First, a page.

On Thursday, Senate Democrats called for a delay in the confirmation hearing for President-elect Donald Trump’s pick for Health and Human Services secretary, Representative Tom Price (R-Ga.), in order for the House Office of Congressional Ethics to investigate the congressman’s financial investments and stock holdings.
“We don’t know if he broke the law, but there are certainly enough serious questions to warrant an investigation before any hearing is held on Congressman Price to become secretary of HHS,” Senate Minority Leader Chuck Schumer (D-NY), who was joined by Senators Patty Murray and Ron Wyden to lead the charge, said at a news conference on Capitol Hill.
The announcement comes after the Wall Street Journal reported that Price allegedly traded more than $300,000 worth of stocks in 40 health-related companies over the past two years. During that time, he sponsored or co-sponsored 44 pieces of legislation in relation to the health industry. Price, the current head of the House Budget Committee, has also led the charge in attempting to repeal the Affordable Care Act.
Schumer admitted that he has no evidence of wrongdoing but said he thinks an investigation into whether or not any laws were broken is necessary, because Price could have insider knowledge about the health market due to his congressional position.
Public Citizen, a government watchdog group, echoed that sentiment, saying, “While the information available so far on the stock trading activities of Reps. Price and [Chris] Collins [of New York] falls short of evidence that any illegal insider trading or violations of congressional ethics rules have occurred, the patterns, opportunities and remarkable financial benefits gained, and to be gained, warrant investigation,” in a complaint to the House Office of Congressional Ethics.
However, Phil Blando, a spokesperson for Trump’s transition team, called the delay hypocritical.
“Hypocrisy is apparently alive and well this morning in Washington. The same questions being raised today by Senator Schumer about Dr. Price should be directed to Senators Carper, Warner and Whitehouse, who own and have traded hundreds of thousands of dollars in pharmaceutical and health insurance company stocks,” Blando said about three Democratic senators who will consider Price’s nomination and who appear to have significant holdings in companies over which their committees have direct oversight.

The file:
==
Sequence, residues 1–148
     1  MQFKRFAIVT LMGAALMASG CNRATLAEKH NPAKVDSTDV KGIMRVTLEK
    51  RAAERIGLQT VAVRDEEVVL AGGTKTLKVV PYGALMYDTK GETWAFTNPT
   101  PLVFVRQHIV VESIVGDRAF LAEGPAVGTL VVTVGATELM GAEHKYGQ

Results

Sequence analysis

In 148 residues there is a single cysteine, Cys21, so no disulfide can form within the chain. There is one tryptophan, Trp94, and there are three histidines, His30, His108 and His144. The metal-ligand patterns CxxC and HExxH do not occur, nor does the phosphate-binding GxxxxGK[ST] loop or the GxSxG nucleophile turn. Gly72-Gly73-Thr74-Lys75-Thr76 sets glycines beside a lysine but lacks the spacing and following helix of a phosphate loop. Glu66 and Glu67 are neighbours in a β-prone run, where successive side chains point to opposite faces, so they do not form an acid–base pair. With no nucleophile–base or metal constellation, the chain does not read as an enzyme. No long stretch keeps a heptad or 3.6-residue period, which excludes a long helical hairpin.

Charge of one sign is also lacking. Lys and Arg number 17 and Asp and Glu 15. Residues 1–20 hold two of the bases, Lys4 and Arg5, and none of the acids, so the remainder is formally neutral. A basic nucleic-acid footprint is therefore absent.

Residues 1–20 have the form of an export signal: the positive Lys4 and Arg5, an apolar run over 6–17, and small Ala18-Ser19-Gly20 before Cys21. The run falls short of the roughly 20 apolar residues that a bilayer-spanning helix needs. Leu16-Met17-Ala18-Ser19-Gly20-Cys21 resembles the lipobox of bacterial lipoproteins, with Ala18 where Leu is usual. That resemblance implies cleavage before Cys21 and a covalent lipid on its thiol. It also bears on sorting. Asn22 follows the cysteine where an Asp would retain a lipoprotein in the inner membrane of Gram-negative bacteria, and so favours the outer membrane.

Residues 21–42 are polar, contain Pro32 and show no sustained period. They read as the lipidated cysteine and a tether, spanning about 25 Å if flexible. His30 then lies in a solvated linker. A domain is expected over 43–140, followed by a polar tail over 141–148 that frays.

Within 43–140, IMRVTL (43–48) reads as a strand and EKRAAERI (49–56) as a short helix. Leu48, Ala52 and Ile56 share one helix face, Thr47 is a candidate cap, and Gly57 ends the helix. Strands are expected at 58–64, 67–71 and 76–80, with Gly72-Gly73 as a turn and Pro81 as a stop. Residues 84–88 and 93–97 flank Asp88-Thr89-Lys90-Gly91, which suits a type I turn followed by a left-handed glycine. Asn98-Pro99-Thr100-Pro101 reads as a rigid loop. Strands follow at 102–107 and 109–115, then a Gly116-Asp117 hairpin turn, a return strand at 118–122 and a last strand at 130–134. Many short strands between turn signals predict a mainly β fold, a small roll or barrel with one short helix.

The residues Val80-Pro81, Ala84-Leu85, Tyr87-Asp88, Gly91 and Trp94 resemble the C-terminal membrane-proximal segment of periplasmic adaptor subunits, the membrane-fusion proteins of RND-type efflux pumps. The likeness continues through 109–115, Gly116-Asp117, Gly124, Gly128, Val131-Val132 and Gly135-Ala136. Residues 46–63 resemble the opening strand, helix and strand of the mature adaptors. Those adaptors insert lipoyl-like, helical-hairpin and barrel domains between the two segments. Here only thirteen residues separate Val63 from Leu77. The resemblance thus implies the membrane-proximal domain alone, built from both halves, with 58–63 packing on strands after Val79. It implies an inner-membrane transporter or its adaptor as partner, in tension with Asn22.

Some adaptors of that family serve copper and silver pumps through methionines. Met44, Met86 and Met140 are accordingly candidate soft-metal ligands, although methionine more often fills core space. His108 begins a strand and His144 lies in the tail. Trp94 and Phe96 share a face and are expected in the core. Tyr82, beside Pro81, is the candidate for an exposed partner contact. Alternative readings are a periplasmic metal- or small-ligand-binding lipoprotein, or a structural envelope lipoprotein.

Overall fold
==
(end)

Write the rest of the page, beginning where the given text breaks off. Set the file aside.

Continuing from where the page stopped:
Blando was most likely referring to the 2015 United States Financial Disclosures Reports, which show that Senate Finance Committee member Tom Carper owns over $100,000 in Lincoln National Corp. stock, with his wife separately owning tens of thousands of dollars in in stocks, including Medtronic Inc., PDL BioPharma Inc, Universal Health Realty Income Trust, Omega Healthcare Investors, Medical Properties Trust and Johnson & Johnson. In 2015 and 2016, his wife also traded thousands in Bristol Myers Squibb, Johnson & Johnson, Universal Health Realty, Met Life, PDL Biopharma, Medtronic and Prudential stock.
According to the reports, Mark Warner, another member of the Finance Committee, owns hundreds of thousands of dollars through his “MRW blind trust” in companies such as Halozyme Therapeutics Inc., Intrexon Corp., Ziopharm Oncology Inc. and Harvest Intrexon Enterprise Fund. He sold over $50,000 worth of MedOptions Inc. stock and bought more than of $100,000 in Harvest Intrexon Enterprise Fund in 2015.
Furthermore, it appears Sheldon Whitehouse, who serves on the Senate’s HELP Committee, owns tens of thousands of dollars in UnitedHealth Group, Anthem, Amgen, Biogen, Merck and Ionis Pharmaceuticals either personally or jointly with his wife. In 2015, he purchased thousands of dollars in shares of Amgen, Gilead, Biogen and Merck.
“The reality is that Dr. Price’s 20-year career as an orthopedic surgeon and a fiscal conservative make him uniquely qualified to lead [Health and Human Services],” Blando continued. “Today’s stunt is simply an effort to deflect attention away from ObamaCare’s dismal record, including reduced choices and $700 billion in Medicare cuts.”
The ethics investigation, if launched, could take months and would evaluate whether or not Price has been in violation of the STOCK Act, which prohibits members of Congress and other government employees from using non-public information derived from their official positions for private profit or personal benefit.
“There is [the] STOCK Act,” Senator Roy Blunt, chairman of the panel that approves funding to HHS, told CNN. “I’m confident [Price] is in compliance with that, knowing [him] as I do as a colleague in the House. Those are the kinds of questions people have to expect to answer if they are nominated to these jobs.”